April 09, 2013 at 7:46 am
By Len Lazarick
Voters next year will be asked to approve a constitutional amendment creating a “lockbox” to prevent raids on the Transportation Trust Fund for other purposes, but Republican opponents said the measure was a sham that would provide little protection.
Sponsored by Senate President Mike Miller as a companion to an increase in the gasoline tax, the measure, SB829, provides that money can only be taken out of the Transportation Trust Fund after a three-fifths vote of both houses of the Maryland General Assembly once the governor has declared a state of “fiscal emergency.”
Money from the gas tax, vehicle sales tax and vehicle registration fees flow into the trust fund. Over the past decade, billions have been taken out of the trust fund for other programs to help balance the budget. All but $1.1 billion in highway user revenues has been repaid.
Miller and Democratic leaders believe that the “lockbox” would reassure Maryland citizens that transportation revenues are going only for roads and mass transit.
Republicans question security of lockbox
But House Minority Leader Tony O’Donnell objected, “Every time we raid the Transportation Trust Fund, it meets the three-fifths vote” in both houses.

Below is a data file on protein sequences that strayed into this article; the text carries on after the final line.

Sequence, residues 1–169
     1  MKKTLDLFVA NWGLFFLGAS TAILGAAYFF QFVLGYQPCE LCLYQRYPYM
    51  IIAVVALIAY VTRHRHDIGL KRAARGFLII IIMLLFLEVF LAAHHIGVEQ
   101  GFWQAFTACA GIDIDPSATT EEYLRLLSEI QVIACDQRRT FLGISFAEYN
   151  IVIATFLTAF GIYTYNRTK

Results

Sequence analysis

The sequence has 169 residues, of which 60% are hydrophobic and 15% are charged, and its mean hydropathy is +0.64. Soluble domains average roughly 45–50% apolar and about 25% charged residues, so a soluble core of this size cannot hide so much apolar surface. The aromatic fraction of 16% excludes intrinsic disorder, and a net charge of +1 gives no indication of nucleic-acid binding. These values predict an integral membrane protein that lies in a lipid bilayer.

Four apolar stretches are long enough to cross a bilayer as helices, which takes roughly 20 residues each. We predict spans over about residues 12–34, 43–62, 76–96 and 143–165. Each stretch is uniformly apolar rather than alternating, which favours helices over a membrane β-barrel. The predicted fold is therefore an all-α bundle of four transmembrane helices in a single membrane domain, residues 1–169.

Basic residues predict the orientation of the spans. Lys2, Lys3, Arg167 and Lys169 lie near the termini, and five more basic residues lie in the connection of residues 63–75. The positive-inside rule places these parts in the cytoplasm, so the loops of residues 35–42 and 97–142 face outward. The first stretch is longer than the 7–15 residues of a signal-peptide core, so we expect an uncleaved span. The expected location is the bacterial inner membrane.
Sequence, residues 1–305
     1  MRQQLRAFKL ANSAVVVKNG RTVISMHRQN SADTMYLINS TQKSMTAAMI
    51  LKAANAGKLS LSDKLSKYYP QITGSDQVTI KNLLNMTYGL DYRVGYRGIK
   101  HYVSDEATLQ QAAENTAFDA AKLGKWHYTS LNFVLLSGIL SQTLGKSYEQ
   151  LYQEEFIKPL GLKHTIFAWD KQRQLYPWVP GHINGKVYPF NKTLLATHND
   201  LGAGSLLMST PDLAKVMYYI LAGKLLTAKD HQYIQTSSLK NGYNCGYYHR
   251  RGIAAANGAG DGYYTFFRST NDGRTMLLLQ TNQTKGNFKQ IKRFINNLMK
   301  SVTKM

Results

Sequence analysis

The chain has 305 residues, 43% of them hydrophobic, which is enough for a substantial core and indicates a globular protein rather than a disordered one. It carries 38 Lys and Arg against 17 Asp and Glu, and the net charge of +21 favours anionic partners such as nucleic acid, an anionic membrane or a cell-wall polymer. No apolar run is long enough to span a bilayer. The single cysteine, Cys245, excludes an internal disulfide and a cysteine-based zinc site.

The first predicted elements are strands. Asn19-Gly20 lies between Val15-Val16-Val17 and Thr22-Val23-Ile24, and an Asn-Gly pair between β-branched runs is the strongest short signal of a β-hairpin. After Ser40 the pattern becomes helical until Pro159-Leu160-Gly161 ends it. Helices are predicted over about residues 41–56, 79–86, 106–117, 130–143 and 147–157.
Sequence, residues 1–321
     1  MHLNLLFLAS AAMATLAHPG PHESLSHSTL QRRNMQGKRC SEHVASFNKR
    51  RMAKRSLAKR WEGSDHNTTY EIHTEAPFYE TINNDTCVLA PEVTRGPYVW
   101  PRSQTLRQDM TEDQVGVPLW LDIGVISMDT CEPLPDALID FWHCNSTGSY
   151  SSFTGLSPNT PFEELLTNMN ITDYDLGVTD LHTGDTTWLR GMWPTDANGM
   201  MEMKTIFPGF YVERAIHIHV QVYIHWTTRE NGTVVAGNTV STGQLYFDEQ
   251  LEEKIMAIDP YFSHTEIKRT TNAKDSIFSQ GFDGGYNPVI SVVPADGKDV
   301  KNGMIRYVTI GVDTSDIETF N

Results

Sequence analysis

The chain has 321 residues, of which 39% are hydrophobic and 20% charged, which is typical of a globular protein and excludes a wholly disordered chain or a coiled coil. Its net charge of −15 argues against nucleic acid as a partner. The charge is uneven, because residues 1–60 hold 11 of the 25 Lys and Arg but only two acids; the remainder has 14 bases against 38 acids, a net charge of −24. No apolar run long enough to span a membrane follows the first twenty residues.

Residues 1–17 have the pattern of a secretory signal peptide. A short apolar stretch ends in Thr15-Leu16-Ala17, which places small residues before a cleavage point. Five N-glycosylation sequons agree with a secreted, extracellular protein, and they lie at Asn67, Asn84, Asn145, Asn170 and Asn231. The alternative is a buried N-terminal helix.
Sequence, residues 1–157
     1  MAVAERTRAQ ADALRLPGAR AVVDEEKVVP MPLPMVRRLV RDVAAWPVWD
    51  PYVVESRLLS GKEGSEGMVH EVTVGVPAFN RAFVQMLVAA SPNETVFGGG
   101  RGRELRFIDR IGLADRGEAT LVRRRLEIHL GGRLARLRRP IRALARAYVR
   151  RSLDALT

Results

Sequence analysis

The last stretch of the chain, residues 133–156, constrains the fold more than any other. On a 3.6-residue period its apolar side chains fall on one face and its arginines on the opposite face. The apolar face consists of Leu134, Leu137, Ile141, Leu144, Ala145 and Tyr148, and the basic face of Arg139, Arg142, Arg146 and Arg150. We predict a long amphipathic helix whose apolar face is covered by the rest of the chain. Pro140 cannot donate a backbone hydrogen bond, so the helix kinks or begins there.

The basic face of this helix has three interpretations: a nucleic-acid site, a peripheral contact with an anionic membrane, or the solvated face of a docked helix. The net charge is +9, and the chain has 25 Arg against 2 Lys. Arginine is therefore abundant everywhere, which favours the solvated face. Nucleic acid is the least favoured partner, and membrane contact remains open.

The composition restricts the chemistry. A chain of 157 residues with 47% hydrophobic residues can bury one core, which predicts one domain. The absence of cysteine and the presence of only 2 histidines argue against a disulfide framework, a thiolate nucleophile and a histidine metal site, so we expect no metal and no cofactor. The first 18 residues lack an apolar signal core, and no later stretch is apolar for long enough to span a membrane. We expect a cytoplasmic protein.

The problem with the lockbox provision is that it did not define “a fiscal emergency,” Republicans said. They offered several amendments that would make it apply only after an invasion, natural disaster or other such catastrophe, not just a prolonged economic recession.
Del. Susan Krebs, R-Carroll, offered a substitute constitutional amendment also spelling out that the any money taken out of the trust fund would have to be repaid over five years.
The Democratic proposal “does not give any type of real lockbox on the trust fund,” Krebs said.
Measure will be before the voters November 2014
All Republican amendments were rejected by wide margins. The constitutional amendment, which also requires a three-fifths vote, passed the House 106-32 and it passed the Senate 40-7 Monday night in the final hours of the Maryland General Assembly’s legislative session.
As a change to the state constitution, it does not need the signature of the governor, but goes directly to the voters for their approval in the November 2014 election.